The tension and the weight of the cable when loaded in the deadend advances the wedges forward toward the span end of the body to provide a grip force about the cable that is proportional to the cable pull. The taper of the body and the corresponding taper of the wedges make the deadend self-locking when cable pull is applied. This taper prevents the wedges from backing and loosing the grip about the cable when cable motion occurs.
Again, the wedging action creates a grip or squeeze, proportional to the pull or tension on the cable. That is, the greater the pull condition, the tighter the grip. Therefore the deadend is capable of holding a small cable with little pull with little squeeze and also hold a large cable with high tension with more squeeze.
Installation of the subject deadend is fast and easy. There are no special tools required. The deadend installs within approximately thirty inches of the support structure and does not require great hand strength or dexterity. The actual size of wedge deadend 10 depends on the specific application for which it will be used. Attachment eye is attached to the support structure and can be attached via mechanical fasteners the support structure.
The design of the body and wedges make the deadend cost effective to manufacture. Preferably, the wedges of the deadend are made of cast stainless steel but may be made of aluminum for various applications. The body can be made from either die-cast aluminum or cast stainless steel. Obviously, a diecast aluminum body is more attractive from a cost perspective, while cast stainless steel is more attractive from the standpoint of strength. Thus, the resulting deadend is compact, lightweight, and easy and inexpensive to manufacture and to install. Most importantly, the wedge deadend meets system performance requirements of strength and long term reliability without hindering cable performance.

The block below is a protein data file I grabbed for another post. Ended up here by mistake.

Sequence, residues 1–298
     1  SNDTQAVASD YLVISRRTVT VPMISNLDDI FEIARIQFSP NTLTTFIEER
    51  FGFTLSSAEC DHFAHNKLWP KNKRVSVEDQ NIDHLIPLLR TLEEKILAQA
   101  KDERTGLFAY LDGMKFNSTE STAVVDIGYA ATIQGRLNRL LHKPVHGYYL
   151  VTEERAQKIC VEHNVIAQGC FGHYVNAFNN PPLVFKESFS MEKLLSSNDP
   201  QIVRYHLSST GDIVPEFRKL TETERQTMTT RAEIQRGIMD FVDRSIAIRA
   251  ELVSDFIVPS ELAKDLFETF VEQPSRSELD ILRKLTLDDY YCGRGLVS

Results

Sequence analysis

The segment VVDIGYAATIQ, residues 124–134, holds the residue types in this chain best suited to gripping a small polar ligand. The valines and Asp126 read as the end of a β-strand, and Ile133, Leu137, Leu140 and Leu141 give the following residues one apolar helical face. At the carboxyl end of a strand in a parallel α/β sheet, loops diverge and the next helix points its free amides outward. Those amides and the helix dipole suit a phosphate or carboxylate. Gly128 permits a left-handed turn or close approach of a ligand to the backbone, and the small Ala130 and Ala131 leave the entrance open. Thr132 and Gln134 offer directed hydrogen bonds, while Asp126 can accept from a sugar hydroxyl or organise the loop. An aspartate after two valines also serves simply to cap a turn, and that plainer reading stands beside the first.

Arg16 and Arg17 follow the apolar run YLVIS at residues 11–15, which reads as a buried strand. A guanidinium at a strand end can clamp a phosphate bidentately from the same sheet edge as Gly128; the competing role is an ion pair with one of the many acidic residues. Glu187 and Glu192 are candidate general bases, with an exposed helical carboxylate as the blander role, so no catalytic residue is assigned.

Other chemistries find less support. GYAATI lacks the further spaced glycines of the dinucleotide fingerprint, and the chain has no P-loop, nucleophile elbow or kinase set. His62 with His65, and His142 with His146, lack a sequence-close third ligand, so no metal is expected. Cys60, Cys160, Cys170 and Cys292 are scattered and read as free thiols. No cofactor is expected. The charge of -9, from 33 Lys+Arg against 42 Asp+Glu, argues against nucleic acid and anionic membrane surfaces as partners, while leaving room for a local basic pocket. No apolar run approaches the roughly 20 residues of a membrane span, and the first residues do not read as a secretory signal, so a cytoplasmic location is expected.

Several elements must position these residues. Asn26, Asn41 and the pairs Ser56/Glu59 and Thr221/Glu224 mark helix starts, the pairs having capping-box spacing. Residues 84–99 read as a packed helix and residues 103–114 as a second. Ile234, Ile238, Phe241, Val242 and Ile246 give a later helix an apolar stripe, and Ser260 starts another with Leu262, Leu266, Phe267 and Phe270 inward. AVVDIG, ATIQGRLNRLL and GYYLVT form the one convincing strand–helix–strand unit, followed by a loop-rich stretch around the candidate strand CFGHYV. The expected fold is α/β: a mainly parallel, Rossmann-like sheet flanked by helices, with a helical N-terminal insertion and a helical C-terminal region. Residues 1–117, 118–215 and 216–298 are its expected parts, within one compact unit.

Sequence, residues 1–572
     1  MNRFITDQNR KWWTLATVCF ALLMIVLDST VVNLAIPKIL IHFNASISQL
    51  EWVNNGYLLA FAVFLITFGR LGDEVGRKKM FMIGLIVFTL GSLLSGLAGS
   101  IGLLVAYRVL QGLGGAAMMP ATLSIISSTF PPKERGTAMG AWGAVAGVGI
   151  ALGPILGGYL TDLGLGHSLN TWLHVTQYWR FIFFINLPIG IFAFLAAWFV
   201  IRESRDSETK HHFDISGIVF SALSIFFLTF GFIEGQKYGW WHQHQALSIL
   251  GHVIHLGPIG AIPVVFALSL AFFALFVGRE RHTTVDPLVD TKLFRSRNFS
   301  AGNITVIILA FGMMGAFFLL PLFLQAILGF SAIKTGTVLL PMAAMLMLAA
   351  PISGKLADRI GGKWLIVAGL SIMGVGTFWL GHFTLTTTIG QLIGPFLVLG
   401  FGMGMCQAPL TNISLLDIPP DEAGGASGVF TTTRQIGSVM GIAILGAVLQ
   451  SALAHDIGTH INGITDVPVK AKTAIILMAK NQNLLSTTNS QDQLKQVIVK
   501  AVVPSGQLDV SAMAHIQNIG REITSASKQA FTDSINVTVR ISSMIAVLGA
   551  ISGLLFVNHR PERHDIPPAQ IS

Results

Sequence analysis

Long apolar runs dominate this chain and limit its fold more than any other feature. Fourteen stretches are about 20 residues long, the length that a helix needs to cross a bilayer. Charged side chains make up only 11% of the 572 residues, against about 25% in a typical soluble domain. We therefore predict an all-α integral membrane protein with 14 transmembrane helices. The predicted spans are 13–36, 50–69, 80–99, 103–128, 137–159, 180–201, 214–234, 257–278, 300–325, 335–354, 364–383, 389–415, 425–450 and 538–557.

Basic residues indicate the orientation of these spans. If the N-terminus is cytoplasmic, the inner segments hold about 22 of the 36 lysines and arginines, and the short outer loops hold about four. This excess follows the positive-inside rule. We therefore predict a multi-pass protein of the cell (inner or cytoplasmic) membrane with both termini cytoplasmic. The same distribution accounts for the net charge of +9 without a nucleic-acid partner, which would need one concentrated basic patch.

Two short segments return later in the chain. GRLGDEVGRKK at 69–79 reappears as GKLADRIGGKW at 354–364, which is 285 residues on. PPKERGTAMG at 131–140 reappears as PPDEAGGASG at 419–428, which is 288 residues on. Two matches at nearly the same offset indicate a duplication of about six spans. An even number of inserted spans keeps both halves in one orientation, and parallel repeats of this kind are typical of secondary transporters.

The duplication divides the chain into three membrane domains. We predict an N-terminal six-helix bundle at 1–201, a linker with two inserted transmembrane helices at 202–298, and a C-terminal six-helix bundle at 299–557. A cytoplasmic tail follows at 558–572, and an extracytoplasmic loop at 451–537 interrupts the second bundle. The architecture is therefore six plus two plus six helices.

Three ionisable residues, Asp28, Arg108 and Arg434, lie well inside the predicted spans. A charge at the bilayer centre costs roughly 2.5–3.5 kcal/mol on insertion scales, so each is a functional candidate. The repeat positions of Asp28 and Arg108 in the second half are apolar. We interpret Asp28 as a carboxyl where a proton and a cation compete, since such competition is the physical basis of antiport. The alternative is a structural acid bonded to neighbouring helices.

Having described the presently preferred embodiments, it is to be understood that the invention may be otherwise embodied within the scope of the appended claims.
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|U.S. Classification||385/136, 385/135|
|International Classification||H02G7/05, G02B6/48|
|Cooperative Classification||G02B6/483, H02G7/056|
|European Classification||G02B6/48A, H02G7/05B3|
|Jun 4, 2001||AS||Assignment|
Owner name: ALCOA FUJIKURA LIMITED, TENNESSEE
Free format text: ASSIGNMENT OF ASSIGNORS INTEREST;ASSIGNOR:QUESNEL, WAYNE L.;REEL/FRAME:011866/0829
Effective date: 20010228
|Nov 21, 2005||FPAY||Fee payment|
Year of fee payment: 4
|Nov 21, 2005||SULP||Surcharge for late payment|
|Jan 24, 2006||AS||Assignment|
Owner name: AFL TELECOMMUNICATIONS LLC, TENNESSEE
Free format text: ASSIGNMENT OF ASSIGNORS INTEREST;ASSIGNOR:ALCOA FUJIKURA LIMITED;REEL/FRAME:017198/0463
Effective date: 20051110
Owner name: AFL TELECOMMUNICATIONS LLC, TENNESSEE
Free format text: ASSIGNMENT OF ASSIGNORS INTEREST;ASSIGNOR:ALCOA FUJIKURA LIMITED;REEL/FRAME:017045/0733
Effective date: 20051110
|Nov 16, 2009||FPAY||Fee payment|
Year of fee payment: 8
|Nov 14, 2013||FPAY||Fee payment|
Year of fee payment: 12